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The Ride of the Summer

As we look towards the colder months with fall here already, the memories of summer rides come floating back. A busy travel schedule and too many deadlines kept me off a bike more than I would have liked this summer, but I did have one solid stretch of time on two wheels: our 4th Annual Ride ’Em, Don’t Hide ’Em Getaway weekend in August.

Thursday morning ad man Shane Powers and I met up with our friends and supporters Tom McKee and Adam Rexroad, piled into the rented SUV and ran the route they’d plotted for us. We run it first in a car so that we can easily work on finishing out our route sheets as we go. Friday morning we got on bikes and ran the route again, a terrific 125-mile loop with a perfect mix of small and medium sized roads full of elevation changes and every kind of curve you can imagine. It was a blast. Then on Saturday we led attendees; it was even more fun to share the day with all the readers who were able to join us this year.

Royal Enfield lent us an INT650 and a Continental GT650 to ride, and I spent Friday, Saturday and part of Sunday on those. Though I enjoyed the Enfields and just the chance to be on a bike, riding in the country for three days in a row, my ride of the summer was still yet to come.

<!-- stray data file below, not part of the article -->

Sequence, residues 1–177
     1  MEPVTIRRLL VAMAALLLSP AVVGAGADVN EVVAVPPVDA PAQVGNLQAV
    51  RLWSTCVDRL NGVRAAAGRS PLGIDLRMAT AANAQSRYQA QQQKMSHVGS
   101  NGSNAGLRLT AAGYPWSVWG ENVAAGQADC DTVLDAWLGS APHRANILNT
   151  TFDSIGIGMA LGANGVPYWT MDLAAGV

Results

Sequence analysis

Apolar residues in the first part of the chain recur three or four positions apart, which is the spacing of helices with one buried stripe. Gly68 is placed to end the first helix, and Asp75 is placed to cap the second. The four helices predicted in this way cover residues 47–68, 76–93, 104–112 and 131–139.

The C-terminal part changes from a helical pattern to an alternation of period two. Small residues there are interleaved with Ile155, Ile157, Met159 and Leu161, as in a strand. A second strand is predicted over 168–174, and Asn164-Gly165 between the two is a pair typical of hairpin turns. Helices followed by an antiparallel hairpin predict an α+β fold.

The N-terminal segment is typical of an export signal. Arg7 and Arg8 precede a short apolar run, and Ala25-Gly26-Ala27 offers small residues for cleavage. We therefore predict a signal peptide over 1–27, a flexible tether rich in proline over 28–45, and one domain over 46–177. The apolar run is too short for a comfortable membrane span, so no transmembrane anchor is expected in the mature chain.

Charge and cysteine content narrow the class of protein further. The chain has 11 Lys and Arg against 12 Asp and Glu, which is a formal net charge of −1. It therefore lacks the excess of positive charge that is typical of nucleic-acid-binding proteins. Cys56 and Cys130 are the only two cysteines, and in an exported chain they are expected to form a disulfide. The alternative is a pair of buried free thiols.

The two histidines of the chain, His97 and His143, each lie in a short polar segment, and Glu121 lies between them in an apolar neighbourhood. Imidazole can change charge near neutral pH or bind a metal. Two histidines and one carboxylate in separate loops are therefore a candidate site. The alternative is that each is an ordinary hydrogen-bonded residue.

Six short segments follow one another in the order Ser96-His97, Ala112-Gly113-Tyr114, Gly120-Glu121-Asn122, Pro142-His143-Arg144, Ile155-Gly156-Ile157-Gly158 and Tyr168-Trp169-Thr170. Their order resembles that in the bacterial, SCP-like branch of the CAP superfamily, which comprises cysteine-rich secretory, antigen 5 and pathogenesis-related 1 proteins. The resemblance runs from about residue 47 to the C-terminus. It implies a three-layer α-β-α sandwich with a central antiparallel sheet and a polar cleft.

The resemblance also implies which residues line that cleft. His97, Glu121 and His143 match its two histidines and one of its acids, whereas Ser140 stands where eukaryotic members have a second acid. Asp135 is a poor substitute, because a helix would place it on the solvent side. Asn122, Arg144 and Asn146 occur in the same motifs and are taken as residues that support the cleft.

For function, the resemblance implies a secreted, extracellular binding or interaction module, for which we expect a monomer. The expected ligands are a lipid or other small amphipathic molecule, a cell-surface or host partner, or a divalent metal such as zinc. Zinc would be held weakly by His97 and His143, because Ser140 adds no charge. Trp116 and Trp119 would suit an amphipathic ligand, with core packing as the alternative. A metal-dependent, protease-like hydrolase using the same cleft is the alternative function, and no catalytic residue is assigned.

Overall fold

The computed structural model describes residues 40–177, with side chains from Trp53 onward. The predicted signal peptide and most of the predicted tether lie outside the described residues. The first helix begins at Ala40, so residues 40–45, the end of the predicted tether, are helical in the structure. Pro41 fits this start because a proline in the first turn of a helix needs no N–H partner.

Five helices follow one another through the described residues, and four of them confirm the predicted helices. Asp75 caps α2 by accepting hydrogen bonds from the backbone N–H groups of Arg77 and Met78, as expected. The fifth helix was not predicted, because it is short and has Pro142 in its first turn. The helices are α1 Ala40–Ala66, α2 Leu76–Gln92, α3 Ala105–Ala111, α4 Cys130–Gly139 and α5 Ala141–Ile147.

The highlight of the trip was riding the 1967 Moto Guzzi V7 you see me grinning like an idiot next to below. Owned and restored by friend of the magazine Paul Harrison, it’s a bike I’ve drooled over since Paul finished it in 2017.

Bought on eBay as little more than a frame, an engine and a gearbox, Paul lovingly restored the bike. It’s perfect in its own way, mechanically rebuilt from the ground up, yet certain pieces show the patina of age with pride, like the amazing gas tank, which still wears its original paint.

Over lunch on Sunday, Paul offered to let me ride the bike back to the resort, and I’ll admit I was a little nervous. Paul’s bike is very dear to him, and I knew our group pace on the way back was going to be way faster than I wanted to go on a bike I wasn’t familiar with. I was right. Paul and I rode back at the rear of the pack, and when we’d returned, I asked Paul how much of the brakes he used during one surprise quick left turn in the route, as we were moving along a pretty solid clip. He replied, “all of them.”

To start the V7, you turn the key in the dash below the speedometer to the right until the engine fires, just like you do on the dash of my brother Phill’s 1962 Buick LeSabre. The bike lit immediately, settling into a loping idle.

Paul hopped on another bike and we took off down one of my favorite roads in the area, County Line Road, which runs to the nearby town of Champion. The V7’s V-twin bark is distinctly Italian, and the engine pulled strong from low revs with plenty of torque, and cruises down the road with ease. What a ride. I’m smiling just thinking about it. Thanks again, Paul!

If you rode something cool this year, send me an email at lhall@motorcycleclassics.com, and send a photo too. And next time a buddy offers to let you ride his bike, do it! Don’t be nervous, just be careful.

Cheers,
Landon

Published on Oct 22, 2019

Motorcycle Classics Magazine

Featuring the most brilliant, unusual and popular motorcycles ever made!